But with November right around the corner, it hit me all of a sudden that this year, I had forgotten to love my fifth-ever October. Somehow, the end of the month was sneaking up on me and all of my favorite things will soon change as time rolls right along.

I had forgotten to love October because I was too busy remembering to worry about things that were either beyond my control or I couldn’t handle with faith. And so by focusing on everything I was discontent with and everything I wanted to happen in the future, I had failed to be present in everything good that was waiting for me to enjoy it.

It feels like I have an infinite number of Sundays left to take back. But I only have a few days left of October, and then it’s gone.

Of course, it’s ridiculous to assume life is at its peak a certain month. November will hold just as many occasions for me to look at my glass as half empty or half full. And hopefully I will do a better job seeing it as half full.

But this Sundays-versus-October thing highlights an important distinction between ways we can approach life: we can either see it as an ongoing event, opening the possibility of taking any given moment for granted, or we can see it as something finite, with value laced in between each and every second.

It would be very easy for me to view several time periods of my life as wasted – periods of emptiness in between seasons of life with significance, or that I just liked better.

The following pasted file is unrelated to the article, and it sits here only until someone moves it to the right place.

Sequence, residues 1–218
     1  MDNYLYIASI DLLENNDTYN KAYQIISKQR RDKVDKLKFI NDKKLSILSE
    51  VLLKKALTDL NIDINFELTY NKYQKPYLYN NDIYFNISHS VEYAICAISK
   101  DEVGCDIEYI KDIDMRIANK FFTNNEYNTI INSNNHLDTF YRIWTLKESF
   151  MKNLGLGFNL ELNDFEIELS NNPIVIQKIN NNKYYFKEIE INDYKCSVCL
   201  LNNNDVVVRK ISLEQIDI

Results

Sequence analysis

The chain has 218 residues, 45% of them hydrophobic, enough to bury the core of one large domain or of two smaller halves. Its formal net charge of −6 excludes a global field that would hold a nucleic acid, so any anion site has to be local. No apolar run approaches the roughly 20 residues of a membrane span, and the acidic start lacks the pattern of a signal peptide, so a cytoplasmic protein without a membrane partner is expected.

And maybe that’s fine – if life is infinite or if I live to be 100 years old, what is a couple weeks or a few months in the grand scheme of all of that?

But what if a couple weeks turns into three or four months, or what if I am still discontent in certain areas when my season of life does change, or what if I actually don’t live to be 100 years old? Then what?

I recently joined a small group and my first time attending, we talked about what salvation is. We used a lot of different metaphors, but one that stuck out to me is that of an appetizer versus the main course. The speaker using the metaphor told a story of a time he skipped an appetizer to save room for the main course, only to find out shortly thereafter that what he thought had been the appetizer was the main course.

So is this not the challenge of life? To see all of the ups and downs – especially the downs – as still being the main course?

I think to do that, you have to have faith that it all means something other than the day-to-day, that there is an underlying story that is overflowing with purpose behind the mundaneness of our everyday lives.

You have to believe that it is all going to be okay despite the ups and downs and that everything will work out in the end. And that it will more than work out – it will be good.

As someone who struggles with finding personal significance outside of achievement, I am working on seeing life as a continual main course. But the beautiful thing is, if it’s continual, I get to wake up tomorrow with a second chance.

Luckily, tomorrow is still October. And even when tomorrow isn’t October, it is still a day full of potential to love and be loved; to give and to receive, to create and to refine. Our lives mean so much more than society tends to tell us they do. And they mean so much more than we let ourselves believe that they do.

So I will go to bed tonight with the goal of taking back tomorrow – and Sunday, and October – and with the goal of seeing life as the best carb-and-lobster-loaded pasta dinner, regardless of circumstance.